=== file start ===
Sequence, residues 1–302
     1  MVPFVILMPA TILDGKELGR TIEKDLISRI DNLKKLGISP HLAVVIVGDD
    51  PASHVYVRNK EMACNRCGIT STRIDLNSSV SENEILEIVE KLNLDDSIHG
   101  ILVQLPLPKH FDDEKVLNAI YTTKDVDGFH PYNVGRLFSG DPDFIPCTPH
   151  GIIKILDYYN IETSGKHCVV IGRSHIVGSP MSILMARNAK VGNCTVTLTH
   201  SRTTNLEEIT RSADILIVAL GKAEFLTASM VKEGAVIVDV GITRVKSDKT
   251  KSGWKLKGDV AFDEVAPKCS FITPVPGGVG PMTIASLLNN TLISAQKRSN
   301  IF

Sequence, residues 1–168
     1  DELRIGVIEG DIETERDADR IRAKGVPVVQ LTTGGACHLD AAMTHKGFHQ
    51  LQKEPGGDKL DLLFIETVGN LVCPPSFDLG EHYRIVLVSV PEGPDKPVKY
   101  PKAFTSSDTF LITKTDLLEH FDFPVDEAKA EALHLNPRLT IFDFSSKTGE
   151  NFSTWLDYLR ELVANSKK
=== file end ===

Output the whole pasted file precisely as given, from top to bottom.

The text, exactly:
Sequence, residues 1–302
     1  MVPFVILMPA TILDGKELGR TIEKDLISRI DNLKKLGISP HLAVVIVGDD
    51  PASHVYVRNK EMACNRCGIT STRIDLNSSV SENEILEIVE KLNLDDSIHG
   101  ILVQLPLPKH FDDEKVLNAI YTTKDVDGFH PYNVGRLFSG DPDFIPCTPH
   151  GIIKILDYYN IETSGKHCVV IGRSHIVGSP MSILMARNAK VGNCTVTLTH
   201  SRTTNLEEIT RSADILIVAL GKAEFLTASM VKEGAVIVDV GITRVKSDKT
   251  KSGWKLKGDV AFDEVAPKCS FITPVPGGVG PMTIASLLNN TLISAQKRSN
   301  IF

Sequence, residues 1–168
     1  DELRIGVIEG DIETERDADR IRAKGVPVVQ LTTGGACHLD AAMTHKGFHQ
    51  LQKEPGGDKL DLLFIETVGN LVCPPSFDLG EHYRIVLVSV PEGPDKPVKY
   101  PKAFTSSDTF LITKTDLLEH FDFPVDEAKA EALHLNPRLT IFDFSSKTGE
   151  NFSTWLDYLR ELVANSKK